When the Treasury Secretary announced in a recent speech that the Hope Now coalition is working on an ambitious plan to freeze interest rates on qualified mortgages, the mood among homeowners who could be positively affected surely was upbeat. Hope Now is an alliance of community, government and industry groups in search of viable solutions to the subprime mess. The aim is to rewrite eligible adjustable rate mortgages, or ARMs, so that when they reset, borrowers won't be burdened with unaffordable payments.
After a mortgage is issued, it typically is sold to the secondary market where it could be repackaged and sold again. Most of these debt obligations end up in the portfolios of large-scale investors, like pension funds and international entities. It is this sector of the vast mortgage market that is cool to the freeze proposal.
They have a good reason to be so. Upon buying these securities, they were guaranteed a certain rate of return and it would be against their particular objectives to give it up. A rate freeze would undoubtedly do that, cut deeply into their profits.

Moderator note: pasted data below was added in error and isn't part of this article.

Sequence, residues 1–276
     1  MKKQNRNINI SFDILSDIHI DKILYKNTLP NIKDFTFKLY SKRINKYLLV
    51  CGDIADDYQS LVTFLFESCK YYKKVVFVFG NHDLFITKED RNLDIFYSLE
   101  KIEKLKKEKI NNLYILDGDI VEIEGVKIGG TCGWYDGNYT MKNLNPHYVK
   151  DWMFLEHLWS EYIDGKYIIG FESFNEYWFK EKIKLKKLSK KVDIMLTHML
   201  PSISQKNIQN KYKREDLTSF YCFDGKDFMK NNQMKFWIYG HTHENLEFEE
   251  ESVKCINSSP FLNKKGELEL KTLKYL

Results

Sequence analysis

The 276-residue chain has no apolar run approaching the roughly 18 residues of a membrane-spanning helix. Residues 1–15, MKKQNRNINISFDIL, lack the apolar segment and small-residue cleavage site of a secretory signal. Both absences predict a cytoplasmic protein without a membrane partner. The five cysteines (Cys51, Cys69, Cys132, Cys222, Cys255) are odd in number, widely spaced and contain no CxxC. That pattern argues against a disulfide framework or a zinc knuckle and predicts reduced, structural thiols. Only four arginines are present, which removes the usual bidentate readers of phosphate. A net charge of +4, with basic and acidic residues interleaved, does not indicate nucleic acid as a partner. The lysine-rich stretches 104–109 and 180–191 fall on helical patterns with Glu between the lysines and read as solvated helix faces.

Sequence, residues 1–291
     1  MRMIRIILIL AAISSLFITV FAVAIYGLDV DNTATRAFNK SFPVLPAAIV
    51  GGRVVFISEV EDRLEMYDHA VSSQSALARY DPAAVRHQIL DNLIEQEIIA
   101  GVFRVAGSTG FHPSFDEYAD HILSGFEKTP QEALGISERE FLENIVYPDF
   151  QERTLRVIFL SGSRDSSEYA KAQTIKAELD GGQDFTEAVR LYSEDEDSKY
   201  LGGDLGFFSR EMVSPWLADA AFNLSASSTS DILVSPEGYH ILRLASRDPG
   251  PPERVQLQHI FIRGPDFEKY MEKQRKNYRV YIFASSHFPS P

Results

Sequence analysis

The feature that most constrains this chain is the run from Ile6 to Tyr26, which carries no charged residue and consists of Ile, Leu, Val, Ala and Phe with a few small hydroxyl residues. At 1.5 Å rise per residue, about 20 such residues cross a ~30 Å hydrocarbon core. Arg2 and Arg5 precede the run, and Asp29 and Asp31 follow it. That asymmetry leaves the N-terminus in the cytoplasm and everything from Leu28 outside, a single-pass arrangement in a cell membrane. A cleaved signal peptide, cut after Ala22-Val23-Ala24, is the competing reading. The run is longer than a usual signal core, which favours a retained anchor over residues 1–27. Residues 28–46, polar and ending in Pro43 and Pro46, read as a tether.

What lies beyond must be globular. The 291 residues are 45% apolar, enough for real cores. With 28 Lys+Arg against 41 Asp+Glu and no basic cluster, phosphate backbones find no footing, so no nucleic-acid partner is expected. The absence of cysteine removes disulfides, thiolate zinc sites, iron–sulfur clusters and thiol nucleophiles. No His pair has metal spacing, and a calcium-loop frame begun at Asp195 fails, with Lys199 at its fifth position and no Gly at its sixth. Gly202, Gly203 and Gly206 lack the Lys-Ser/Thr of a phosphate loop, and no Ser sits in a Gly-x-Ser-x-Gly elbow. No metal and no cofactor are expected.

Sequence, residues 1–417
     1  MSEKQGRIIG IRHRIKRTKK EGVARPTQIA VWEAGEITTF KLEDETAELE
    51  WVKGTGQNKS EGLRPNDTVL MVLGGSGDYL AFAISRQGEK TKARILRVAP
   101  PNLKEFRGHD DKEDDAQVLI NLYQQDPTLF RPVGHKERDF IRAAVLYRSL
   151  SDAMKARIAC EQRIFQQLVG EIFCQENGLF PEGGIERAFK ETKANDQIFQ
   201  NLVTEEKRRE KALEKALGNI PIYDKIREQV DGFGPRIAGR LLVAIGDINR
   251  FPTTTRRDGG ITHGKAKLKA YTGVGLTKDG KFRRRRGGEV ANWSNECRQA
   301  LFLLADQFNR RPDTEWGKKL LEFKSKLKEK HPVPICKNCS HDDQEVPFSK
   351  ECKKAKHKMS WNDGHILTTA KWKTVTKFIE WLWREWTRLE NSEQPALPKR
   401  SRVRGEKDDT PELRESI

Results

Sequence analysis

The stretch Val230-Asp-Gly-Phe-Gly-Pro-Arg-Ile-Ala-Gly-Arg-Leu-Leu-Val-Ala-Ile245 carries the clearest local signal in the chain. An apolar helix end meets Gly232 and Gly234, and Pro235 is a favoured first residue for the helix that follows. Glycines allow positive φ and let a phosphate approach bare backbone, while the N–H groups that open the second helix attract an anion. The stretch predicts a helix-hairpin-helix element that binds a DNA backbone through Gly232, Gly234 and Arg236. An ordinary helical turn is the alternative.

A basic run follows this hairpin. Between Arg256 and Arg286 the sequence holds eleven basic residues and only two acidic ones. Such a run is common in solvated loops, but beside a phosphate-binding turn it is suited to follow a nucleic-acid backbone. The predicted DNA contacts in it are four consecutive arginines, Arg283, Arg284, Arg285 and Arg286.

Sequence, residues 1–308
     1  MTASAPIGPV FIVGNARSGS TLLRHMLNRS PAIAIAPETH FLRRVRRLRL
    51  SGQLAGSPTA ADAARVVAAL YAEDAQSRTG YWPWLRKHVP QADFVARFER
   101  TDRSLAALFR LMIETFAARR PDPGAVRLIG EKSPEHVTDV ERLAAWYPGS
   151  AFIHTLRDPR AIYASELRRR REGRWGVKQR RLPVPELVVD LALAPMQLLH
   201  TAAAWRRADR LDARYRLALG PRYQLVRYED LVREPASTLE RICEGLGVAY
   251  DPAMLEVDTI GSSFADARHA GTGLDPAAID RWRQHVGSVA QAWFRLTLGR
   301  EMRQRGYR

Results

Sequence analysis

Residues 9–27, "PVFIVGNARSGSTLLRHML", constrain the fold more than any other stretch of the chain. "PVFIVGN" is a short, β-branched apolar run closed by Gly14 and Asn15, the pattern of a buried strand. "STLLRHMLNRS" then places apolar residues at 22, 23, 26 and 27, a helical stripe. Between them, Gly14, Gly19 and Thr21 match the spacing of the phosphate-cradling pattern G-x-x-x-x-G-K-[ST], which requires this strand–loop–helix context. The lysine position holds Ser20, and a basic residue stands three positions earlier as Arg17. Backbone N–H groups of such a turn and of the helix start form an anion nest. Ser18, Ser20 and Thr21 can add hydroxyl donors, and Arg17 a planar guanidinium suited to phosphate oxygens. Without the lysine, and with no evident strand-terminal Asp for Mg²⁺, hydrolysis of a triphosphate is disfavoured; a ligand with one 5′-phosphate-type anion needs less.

Mortgage servicers act as middlemen between borrowers and investors. They receive the payments and then forward monies to the investors according to the contract terms that exist between them. These contracts generally allow the servicers to rework up to five percent of loans within a particular batch, while going over that limit requires an approval. Hope Now draft appears to exceed this cap across the board. Therefore, without the investor consent the proposal has a considerable hurdle to climb.
Should the plan go forward, though, how would the investors be compensated for their losses? That's what they are worried about. The obvious answer is to reach into the taxpayer's pocket and that would amount to a federal government bailout. Rather unpopular undertaking among the large majority of the country.
Moreover, the investor community is now faced with the fact the U.S. government can intervene in the marketplace whenever it feels like and amend executed contracts to their detriment. They will accept that, but since this will add more risk to the debt obligations, they will require more return. More yield. As a result, mortgage rates will move higher for the home buyer.